Mohammed Bey (1855-1881)

During the long reign of Ahmed I Bey, the Jews enjoyed prosperity. His successor, Muhammad II ibn al-Husayn, inaugurated his reign in 1855 by abolishing the drudgery imposed upon the Jews; the caid Joseph Scemama, with whom the bey was on very intimate terms, probably used his influence in behalf of his coreligionists. That year, however Mohammed Bey had a Jew named Batou Sfez executed for blasphemy. This execution aroused both Jews and Christians, and a deputation was sent to Napoleon III, asking him to interfere in their behalf. After two years of diplomatic negotiations a man-of-war was sent to enforce the demands of the French government. Mohammed Bey yielded, and issued a constitution, according to which all Tunisians, without distinction of creed, were to enjoy equal rights. The following articles of this constitution were of special interest to the Jews:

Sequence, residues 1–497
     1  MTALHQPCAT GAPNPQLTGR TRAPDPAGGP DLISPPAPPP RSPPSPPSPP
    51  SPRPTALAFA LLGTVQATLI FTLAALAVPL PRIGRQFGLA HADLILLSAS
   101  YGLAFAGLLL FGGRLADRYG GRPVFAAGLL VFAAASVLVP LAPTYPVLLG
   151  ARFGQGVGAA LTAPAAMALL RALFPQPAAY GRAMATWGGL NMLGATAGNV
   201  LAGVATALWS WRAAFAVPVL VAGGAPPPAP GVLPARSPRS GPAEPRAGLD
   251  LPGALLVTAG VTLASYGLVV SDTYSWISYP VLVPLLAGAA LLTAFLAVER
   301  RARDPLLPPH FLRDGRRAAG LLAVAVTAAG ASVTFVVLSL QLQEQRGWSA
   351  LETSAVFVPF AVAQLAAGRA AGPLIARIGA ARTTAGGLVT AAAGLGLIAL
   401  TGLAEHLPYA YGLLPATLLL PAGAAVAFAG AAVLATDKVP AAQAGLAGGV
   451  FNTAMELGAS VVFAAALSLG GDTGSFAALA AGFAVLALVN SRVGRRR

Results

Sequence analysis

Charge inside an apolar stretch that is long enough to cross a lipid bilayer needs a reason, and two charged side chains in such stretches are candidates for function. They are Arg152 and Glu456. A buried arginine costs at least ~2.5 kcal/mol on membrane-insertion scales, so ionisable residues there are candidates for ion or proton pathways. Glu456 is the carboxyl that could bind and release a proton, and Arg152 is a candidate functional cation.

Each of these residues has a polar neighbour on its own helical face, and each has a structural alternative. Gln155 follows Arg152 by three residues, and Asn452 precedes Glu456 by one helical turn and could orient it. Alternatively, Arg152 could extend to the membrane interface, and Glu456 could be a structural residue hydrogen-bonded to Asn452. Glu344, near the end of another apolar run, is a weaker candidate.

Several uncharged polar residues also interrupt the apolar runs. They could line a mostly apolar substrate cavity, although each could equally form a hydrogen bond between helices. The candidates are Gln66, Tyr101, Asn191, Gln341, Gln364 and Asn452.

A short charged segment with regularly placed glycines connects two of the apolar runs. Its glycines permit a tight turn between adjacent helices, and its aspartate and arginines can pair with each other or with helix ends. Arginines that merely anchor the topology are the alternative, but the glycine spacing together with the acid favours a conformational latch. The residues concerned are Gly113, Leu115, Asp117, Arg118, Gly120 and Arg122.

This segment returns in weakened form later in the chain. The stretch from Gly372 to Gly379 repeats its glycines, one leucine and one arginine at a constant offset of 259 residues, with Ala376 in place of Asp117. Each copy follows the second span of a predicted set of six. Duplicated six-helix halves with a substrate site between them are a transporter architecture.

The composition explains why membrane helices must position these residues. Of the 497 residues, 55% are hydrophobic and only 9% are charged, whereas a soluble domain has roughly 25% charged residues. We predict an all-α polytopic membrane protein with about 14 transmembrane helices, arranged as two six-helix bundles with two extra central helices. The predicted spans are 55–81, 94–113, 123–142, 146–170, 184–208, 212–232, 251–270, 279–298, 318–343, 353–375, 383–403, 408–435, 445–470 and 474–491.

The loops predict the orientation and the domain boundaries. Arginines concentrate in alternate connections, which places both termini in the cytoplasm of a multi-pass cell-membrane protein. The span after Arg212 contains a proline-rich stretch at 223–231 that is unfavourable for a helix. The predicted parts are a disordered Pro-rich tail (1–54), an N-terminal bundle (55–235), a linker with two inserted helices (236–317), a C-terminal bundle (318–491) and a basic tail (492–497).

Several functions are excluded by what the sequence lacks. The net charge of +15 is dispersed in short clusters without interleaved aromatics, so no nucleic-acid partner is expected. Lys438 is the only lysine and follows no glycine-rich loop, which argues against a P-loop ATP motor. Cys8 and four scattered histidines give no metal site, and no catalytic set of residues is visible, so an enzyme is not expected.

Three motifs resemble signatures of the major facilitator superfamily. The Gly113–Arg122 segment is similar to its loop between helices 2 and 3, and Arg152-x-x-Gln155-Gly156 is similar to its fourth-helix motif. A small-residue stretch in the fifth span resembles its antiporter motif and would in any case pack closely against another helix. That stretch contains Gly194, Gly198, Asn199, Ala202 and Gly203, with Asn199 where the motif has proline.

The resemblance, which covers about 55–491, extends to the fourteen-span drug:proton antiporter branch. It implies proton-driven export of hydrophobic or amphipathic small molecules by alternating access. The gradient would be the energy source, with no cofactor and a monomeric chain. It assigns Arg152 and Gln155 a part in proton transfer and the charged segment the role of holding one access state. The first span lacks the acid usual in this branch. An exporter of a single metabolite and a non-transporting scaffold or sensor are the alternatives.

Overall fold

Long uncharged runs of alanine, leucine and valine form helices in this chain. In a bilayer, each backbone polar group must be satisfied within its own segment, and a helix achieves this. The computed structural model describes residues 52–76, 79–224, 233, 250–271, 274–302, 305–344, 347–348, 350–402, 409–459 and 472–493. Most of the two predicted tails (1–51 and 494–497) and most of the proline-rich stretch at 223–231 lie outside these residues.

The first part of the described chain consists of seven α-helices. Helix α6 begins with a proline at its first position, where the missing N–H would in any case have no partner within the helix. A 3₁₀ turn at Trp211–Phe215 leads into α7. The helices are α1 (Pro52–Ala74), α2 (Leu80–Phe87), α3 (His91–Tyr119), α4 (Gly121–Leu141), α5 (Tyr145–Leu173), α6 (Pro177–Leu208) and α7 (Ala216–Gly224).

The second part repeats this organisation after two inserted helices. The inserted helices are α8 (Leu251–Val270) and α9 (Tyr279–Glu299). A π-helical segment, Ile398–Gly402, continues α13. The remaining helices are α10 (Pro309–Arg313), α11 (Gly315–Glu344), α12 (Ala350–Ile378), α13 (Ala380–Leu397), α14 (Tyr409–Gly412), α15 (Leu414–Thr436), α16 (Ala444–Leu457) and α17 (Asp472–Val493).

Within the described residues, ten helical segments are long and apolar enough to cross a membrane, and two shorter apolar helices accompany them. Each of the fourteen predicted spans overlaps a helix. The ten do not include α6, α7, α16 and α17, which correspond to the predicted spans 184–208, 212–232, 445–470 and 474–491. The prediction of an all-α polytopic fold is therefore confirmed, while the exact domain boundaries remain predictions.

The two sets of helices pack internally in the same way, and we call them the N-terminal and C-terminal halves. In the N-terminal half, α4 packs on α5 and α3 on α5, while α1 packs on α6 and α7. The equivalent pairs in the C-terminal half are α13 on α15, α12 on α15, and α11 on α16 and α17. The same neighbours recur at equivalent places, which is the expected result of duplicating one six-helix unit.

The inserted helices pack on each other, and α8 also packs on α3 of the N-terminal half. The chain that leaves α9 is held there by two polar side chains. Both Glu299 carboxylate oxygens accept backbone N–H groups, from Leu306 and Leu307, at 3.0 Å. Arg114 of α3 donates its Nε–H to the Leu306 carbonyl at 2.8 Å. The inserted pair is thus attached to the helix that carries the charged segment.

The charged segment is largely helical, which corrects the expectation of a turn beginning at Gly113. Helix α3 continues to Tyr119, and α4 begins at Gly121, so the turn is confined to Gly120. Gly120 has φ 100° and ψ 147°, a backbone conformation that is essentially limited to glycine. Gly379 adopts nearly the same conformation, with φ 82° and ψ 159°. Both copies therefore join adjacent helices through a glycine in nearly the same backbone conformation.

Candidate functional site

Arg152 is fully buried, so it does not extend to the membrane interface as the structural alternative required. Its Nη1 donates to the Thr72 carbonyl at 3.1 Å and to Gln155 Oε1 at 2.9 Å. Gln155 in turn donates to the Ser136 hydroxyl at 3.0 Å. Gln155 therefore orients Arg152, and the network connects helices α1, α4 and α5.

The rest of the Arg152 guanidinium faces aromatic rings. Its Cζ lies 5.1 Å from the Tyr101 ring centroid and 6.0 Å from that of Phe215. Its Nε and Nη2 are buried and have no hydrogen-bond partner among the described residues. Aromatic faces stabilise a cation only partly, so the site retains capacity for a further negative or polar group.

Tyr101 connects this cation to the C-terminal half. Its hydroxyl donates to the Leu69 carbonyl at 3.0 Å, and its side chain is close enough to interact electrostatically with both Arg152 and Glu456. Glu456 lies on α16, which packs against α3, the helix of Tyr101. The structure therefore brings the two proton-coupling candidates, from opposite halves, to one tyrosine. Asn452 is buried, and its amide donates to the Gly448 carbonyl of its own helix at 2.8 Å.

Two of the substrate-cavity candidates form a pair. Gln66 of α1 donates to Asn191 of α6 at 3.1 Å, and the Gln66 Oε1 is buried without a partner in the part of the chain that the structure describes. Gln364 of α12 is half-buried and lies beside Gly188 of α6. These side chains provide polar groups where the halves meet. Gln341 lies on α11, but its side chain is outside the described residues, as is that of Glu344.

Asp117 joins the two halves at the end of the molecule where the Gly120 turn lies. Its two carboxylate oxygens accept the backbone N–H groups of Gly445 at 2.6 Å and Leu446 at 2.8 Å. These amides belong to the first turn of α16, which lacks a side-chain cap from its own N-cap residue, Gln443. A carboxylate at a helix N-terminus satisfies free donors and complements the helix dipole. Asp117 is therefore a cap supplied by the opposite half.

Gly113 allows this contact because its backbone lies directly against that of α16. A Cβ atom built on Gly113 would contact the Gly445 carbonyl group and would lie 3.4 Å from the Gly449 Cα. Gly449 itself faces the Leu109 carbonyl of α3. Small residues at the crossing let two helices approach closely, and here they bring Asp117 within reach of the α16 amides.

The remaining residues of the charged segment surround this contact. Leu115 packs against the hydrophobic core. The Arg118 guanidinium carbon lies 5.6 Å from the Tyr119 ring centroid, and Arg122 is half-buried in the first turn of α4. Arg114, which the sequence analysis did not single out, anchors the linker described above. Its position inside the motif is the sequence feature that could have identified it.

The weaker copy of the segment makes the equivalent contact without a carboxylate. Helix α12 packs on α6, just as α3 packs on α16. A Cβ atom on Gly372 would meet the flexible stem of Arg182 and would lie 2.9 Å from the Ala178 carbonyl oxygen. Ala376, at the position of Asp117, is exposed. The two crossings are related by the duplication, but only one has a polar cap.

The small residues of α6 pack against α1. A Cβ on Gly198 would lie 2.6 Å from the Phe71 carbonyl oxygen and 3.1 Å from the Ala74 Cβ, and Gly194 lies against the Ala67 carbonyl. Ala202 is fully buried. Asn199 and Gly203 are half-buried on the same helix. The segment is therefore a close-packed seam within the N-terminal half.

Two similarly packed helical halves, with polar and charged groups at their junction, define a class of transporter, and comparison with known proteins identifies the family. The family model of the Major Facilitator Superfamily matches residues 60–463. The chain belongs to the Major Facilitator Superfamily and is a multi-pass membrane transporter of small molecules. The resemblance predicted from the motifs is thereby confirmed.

(§ 4) "No manner of duress will be imposed upon our Jewish subjects forcing them to change their faith, and they will not be hindered in the free observance of their religious rites. Their synagogues will be respected, and protected from insult."

(§ 6) "When a criminal court is to pronounce the penalty incurred by a Jew, Jewish assessors shall be attached to the said court."

The constitution was abrogated in 1864 in consequence of a revolution, which entailed great suffering on several Jewish communities, especially on that of Sfax; but the constant fear of foreign interference rendered the government very circumspect in its treatment of the Jews.

French Protectorate (1881-1956)

Mourners in the Borgel Jewish Cemetery, Tunis, c. 1900.
Jewish Money changer in Tunisia